MSPs to consider deposit return scheme as part of investigation into waste sector

Written by Liam Kirkaldy on 26 May 2017 in News

Environment, Climate Change and Land Reform Committee sets out plans to examine waste generation and disposal in Scotland

Cans - image credit: Fotolia

MSPs will consider introducing a deposit return scheme in Scotland as part of a wider investigation into the waste sector, the Scottish Parliament’s Environment Committee has announced.

The Environment, Climate Change and Land Reform Committee today set out plans to examine waste generation and disposal in Scotland with the aim of identifying challenges and opportunities in meeting targets.

The inquiry follows an investigation by a committee sub-group on the viability of introducing a deposit return scheme (DRS), in which consumers are able to return bottles or cans for a cash payment.


Environmental groups have urged the Scottish Government to introduce a DRS, arguing the scheme would increase recycling, combat climate change, cut costs for local authorities and boost employment, with soft-drinks giant Coca-Cola showing willingness to throw its weight behind the campaign earlier this year.

Concluding that a deposit system offers “one potential solution to a wider problem of waste collection and disposal” the Environment Committee sub-group said the feasibility of a DRS would depend “entirely on the starting point and the aims of Scotland’s waste strategy”.

The sub-group suggested the committee undertook further work into waste collection and disposal, with MSPs recommending it would be more effective to start by considering the wider waste landscape and incorporate discussion of a DRS within that.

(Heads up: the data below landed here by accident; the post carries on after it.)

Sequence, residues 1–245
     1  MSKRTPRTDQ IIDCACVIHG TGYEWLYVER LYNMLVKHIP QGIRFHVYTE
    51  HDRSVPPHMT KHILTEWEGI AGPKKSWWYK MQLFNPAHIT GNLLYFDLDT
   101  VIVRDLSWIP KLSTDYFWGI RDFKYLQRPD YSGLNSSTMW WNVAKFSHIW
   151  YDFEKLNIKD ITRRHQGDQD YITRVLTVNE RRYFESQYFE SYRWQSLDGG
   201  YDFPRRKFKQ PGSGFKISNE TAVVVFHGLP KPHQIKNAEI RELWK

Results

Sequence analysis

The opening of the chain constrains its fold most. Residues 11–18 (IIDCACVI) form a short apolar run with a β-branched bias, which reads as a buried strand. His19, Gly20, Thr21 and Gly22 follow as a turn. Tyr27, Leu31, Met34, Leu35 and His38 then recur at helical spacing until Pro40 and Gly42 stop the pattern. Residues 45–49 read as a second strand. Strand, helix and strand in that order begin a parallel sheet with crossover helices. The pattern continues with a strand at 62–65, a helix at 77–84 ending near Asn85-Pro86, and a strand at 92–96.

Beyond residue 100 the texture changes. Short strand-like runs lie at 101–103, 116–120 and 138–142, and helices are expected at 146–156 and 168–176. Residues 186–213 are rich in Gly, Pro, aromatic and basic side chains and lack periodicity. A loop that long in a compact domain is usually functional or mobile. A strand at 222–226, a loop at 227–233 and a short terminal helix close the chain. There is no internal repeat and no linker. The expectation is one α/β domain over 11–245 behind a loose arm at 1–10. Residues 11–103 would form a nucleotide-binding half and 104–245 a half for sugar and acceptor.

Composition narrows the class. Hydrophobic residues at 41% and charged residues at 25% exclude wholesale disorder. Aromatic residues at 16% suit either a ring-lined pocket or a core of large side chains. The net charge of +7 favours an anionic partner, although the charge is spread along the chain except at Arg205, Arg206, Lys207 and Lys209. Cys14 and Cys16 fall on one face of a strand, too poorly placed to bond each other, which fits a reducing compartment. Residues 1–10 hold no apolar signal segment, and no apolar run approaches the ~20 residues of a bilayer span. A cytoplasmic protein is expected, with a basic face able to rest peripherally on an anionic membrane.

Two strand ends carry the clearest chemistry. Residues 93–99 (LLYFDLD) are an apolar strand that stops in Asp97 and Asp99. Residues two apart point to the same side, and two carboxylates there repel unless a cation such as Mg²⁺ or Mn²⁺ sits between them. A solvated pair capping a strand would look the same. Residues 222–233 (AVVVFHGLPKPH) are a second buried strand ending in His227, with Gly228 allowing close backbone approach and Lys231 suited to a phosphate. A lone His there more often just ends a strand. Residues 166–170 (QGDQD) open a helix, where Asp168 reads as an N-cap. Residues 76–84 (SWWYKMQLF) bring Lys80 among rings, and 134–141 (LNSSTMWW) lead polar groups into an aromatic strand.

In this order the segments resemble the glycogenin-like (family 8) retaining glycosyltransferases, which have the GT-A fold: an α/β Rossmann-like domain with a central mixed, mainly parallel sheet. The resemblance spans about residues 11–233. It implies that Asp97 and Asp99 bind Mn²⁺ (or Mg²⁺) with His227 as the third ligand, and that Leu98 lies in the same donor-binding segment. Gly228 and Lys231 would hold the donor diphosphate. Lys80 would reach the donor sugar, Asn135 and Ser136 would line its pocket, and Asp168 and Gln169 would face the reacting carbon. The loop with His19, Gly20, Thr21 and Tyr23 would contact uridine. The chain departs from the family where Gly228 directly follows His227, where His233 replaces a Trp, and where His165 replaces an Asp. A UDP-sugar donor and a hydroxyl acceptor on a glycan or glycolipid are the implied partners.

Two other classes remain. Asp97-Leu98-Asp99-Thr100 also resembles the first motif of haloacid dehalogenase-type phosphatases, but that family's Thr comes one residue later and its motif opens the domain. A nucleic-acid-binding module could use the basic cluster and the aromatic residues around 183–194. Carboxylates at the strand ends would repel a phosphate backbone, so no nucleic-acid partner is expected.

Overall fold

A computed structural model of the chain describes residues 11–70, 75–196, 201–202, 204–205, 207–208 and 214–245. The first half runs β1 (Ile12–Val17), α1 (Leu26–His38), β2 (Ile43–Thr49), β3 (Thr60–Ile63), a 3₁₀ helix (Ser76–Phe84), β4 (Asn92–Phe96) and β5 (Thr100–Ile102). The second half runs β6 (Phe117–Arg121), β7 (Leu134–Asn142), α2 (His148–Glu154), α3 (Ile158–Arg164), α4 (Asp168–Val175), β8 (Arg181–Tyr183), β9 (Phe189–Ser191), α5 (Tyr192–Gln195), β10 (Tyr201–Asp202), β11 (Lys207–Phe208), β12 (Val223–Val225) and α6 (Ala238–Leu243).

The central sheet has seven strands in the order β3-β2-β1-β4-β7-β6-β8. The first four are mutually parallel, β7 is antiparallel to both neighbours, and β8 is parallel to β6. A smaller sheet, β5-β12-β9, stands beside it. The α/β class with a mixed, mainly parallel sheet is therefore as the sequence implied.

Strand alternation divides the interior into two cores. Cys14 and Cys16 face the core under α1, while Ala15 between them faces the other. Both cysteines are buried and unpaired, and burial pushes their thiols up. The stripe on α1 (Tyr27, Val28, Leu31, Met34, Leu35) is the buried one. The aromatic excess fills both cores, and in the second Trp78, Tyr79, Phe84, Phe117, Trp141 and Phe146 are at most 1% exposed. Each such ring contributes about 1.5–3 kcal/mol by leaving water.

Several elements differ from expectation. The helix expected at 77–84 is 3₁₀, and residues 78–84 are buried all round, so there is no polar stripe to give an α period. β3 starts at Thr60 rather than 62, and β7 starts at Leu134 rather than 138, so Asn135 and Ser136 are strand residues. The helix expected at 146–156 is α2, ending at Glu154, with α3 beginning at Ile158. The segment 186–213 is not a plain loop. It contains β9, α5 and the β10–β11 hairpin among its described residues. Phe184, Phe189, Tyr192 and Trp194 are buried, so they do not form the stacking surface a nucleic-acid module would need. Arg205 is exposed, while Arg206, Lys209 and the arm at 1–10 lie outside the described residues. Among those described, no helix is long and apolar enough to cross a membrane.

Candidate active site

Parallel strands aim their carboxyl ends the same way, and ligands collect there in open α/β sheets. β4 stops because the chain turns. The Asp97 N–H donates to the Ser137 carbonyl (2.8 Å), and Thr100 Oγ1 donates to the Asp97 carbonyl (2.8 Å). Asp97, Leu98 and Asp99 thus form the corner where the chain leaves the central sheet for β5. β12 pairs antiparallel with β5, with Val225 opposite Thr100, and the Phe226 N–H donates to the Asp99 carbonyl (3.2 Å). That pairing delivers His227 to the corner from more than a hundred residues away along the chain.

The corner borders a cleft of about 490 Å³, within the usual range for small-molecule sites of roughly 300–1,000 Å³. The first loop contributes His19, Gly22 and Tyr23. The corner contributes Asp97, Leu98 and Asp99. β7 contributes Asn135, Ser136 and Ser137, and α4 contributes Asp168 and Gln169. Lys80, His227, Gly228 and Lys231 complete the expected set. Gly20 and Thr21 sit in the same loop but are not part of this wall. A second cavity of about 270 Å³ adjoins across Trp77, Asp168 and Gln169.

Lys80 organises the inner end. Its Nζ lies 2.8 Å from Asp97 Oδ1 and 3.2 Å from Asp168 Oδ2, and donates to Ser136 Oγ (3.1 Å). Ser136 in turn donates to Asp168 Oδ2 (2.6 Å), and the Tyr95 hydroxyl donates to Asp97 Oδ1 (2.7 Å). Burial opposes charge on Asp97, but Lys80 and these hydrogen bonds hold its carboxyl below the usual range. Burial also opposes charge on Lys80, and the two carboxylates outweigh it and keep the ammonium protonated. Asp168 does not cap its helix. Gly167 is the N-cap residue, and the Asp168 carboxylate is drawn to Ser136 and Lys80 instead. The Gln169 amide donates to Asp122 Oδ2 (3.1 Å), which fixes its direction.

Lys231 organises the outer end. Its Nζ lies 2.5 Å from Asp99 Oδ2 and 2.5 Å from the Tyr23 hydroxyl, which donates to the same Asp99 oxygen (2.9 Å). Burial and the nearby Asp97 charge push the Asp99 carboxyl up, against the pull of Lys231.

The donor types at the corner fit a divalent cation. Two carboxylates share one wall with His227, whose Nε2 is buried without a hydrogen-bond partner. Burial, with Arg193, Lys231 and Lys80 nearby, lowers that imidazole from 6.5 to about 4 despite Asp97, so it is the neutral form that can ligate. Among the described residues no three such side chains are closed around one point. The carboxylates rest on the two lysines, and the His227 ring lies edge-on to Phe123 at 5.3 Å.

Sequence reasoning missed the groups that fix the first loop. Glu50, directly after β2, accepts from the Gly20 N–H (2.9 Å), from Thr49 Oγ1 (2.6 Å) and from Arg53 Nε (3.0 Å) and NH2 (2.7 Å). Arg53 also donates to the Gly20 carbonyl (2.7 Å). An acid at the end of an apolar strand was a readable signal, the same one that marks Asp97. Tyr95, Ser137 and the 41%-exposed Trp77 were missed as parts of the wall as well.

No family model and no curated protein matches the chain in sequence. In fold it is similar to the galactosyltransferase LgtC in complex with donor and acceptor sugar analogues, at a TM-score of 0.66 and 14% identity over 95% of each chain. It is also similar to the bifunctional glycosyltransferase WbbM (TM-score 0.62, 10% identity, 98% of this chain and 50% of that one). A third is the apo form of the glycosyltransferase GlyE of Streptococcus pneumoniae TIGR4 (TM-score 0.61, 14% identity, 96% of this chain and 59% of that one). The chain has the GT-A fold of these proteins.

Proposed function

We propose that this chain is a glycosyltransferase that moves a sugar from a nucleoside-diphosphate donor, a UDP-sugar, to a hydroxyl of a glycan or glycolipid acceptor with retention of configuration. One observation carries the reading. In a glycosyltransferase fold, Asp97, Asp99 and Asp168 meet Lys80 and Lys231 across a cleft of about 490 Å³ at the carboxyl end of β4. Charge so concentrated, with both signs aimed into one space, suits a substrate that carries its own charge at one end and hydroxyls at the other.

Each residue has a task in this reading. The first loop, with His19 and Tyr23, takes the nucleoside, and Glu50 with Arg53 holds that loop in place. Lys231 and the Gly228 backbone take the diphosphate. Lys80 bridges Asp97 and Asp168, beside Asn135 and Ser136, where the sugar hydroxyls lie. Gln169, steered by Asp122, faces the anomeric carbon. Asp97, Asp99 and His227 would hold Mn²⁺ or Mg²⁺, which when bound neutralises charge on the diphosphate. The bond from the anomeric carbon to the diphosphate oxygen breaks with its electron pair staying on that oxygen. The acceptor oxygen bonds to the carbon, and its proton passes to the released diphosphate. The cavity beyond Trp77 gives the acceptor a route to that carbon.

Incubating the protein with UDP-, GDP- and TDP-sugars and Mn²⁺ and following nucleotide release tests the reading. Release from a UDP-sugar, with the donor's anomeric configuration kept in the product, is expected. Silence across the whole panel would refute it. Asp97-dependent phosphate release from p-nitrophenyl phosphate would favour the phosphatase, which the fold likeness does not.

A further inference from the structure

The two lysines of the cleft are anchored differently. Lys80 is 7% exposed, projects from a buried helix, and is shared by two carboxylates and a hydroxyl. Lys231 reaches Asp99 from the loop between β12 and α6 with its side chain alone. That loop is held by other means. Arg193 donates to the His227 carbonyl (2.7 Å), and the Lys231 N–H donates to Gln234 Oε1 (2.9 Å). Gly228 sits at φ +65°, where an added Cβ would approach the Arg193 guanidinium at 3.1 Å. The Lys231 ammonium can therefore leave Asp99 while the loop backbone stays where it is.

The sub-group report identified challenges for a DRS, including barriers in regulation, cost and enforcement.

Responding to the sub-group, SGF chief executive Peter Cheema said: “The DRS is too complex, too expensive and too burdensome on customers and small shops. We should be looking instead at investing in kerbside schemes and raising the awareness of consumers about how they can recycle more effectively.”

Keep Scotland Beautiful said that, although a DRS would not fully address Scotland’s wider litter challenge, it could lead to an increase in recycling rates and reduce the volume of aluminium and plastic in the litter stream.

The work on DRS will form part of a wider investigation from the committee on the volume, sources and treatment of waste in Scotland.

Committee convener Graeme Dey MSP said: “Our committee intends to explore Scotland’s approach to waste management in the round. 

“We plan to take evidence to identify the key issues for waste management before focussing on possible priorities for action. A deposit return scheme might be part of the solution but we will examine this in the context of a wider look into waste management.”

The committee agreed to hold an initial evidence session on 20 June to explore waste generation and disposal in Scotland more widely and identify the challenges and opportunities in meeting Scotland’s waste targets.

John Mayhew, director of the Association for the Protection of Rural Scotland, which is running the Have You Got The Bottle? campaign, said: “Now the discussion moves to the full Committee, which will hear the evidence that an efficient modern deposit system would boost Scottish retailers' income, cut local councils' costs and substantially reduce both litter and waste. Empty cans and bottles are a major problem, but this full inquiry is also an opportunity for other aspects of Scotland's litter and waste problems to be addressed, and we would urge everyone with an interest in these issues to get involved.”



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